Education Commissioner Jeff Riley on Friday acknowledged Skipper’s willingness to put in place corrective measures but said improvements require a systems-level approach.

“A better functioning central office as well as a commitment from elected officials and the BPS School Committee is required to enable the change our students deserve,” he said in a statement.

The state ruling landed the same day Riley’s department released a review by an outside auditor that found BPS has deficient data collection and reporting processes, which has led to undercounting tardy buses, among other things.

A staff attorney for Greater Boston Legal Services, which filed the October complaint along with Massachusetts Advocates for Children on behalf of six students and their families, said she couldn’t immediately comment on the state’s report because she had not yet been able to inform her clients about it.

But in the complaint, the advocates said the transportation issues “are depriving students of days or weeks of education at a time and, for students with disabilities, critical special education services they are entitled to receive are being missed.”

Failure to comply with the Individuals with Disabilities Education Act could result in a loss of federal funding.

Students with disabilities often depend on the school buses to pick them up from home, a requirement outlined in their individualized education plans. Without transportation from the district, parents have had to scramble to get their children to school, at times relying on taxis and ride-hailing services.


As part of the corrective actions, BPS must document how it will reimburse families for costs they incurred getting their children to school, such as paying for ride services; remedy class time lost due to bus issues by providing students with makeup services; and train transportation department staff on their obligations under state and federal special education laws.

By mid-May, BPS must provide the state with “step-by-step” plans for how it will address uncovered bus routes, a lack of qualified bus monitors, and backup transportation. The district also must ensure it is tracking and reviewing data related to special education transportation issues.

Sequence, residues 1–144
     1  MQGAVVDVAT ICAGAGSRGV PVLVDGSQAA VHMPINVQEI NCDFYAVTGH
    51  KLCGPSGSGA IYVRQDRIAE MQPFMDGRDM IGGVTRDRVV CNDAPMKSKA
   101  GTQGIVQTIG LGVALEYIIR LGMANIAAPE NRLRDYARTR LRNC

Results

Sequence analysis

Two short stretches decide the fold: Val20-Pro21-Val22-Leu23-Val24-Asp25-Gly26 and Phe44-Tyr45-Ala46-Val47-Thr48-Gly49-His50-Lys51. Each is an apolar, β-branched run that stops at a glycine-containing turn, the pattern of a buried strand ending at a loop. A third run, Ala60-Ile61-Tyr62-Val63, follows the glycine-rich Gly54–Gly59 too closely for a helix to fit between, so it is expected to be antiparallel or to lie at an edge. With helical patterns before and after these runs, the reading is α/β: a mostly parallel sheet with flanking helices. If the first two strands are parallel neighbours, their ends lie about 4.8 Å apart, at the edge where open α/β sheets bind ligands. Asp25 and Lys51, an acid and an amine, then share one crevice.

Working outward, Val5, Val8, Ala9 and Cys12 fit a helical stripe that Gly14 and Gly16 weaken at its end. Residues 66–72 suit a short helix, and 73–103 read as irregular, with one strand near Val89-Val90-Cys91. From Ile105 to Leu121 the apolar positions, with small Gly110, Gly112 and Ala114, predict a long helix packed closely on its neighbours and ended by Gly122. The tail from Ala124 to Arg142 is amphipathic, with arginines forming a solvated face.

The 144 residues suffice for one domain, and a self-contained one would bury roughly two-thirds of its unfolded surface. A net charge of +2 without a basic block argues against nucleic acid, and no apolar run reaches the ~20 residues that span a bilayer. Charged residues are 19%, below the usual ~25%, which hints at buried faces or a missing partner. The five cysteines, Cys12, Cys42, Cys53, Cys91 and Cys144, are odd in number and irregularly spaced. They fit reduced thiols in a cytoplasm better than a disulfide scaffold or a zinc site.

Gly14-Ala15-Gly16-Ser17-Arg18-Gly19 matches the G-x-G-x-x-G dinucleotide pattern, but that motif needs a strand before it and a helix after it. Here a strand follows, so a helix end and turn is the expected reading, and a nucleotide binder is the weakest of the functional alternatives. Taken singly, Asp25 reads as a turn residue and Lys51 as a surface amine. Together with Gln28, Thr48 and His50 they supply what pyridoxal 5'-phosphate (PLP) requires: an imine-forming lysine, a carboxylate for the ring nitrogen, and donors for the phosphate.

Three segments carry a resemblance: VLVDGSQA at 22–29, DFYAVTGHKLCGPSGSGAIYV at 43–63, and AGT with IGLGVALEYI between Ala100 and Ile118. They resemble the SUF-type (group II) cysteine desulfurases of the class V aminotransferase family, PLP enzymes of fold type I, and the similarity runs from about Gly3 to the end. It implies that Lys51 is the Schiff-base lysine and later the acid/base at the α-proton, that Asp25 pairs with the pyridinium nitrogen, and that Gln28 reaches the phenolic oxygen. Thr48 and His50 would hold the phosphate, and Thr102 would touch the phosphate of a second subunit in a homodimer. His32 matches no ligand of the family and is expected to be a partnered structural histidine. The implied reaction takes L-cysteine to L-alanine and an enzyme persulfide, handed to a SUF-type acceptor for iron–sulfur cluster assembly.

In addition to its systemwide findings, DESE found BPS violated the rights of the six specific students named in the October complaint.

Two of those students are brothers who require door-to-door transportation with a monitor trained to respond to seizures. The district did not provide the boys with rides to or from school for seven weeks at the beginning of the 2022-23 school year, according to the complaint.

Another student, a girl who uses a wheelchair and also is prone to seizures, was not consistently provided with a trained bus monitor. At times, monitors that were provided did not speak English and were unable to communicate with the girl or her mother.

Last month, a consultant hired by the district recommended several solutions, including changing start times for schools and reevaluating whether all children whose special education plans require door-to-door service truly need it.


But those fixes won’t address one of the main challenges highlighted by the state’s new findings: a lack of bus monitors.

BPS told the state during its inquiry that approximately 35 to 40 percent of the district’s bus routes requiring monitors went without at the beginning of the school year, and to meet its legal obligations, it would need about 900 monitors — 400 more than it currently employs.

The Great Divide team explores educational inequality in Boston and statewide. Sign up to receive our newsletter, and send ideas and tips to thegreatdivide@globe.com.

Mandy McLaren can be reached at mandy.mclaren@globe.com. Follow her on Twitter @mandy_mclaren.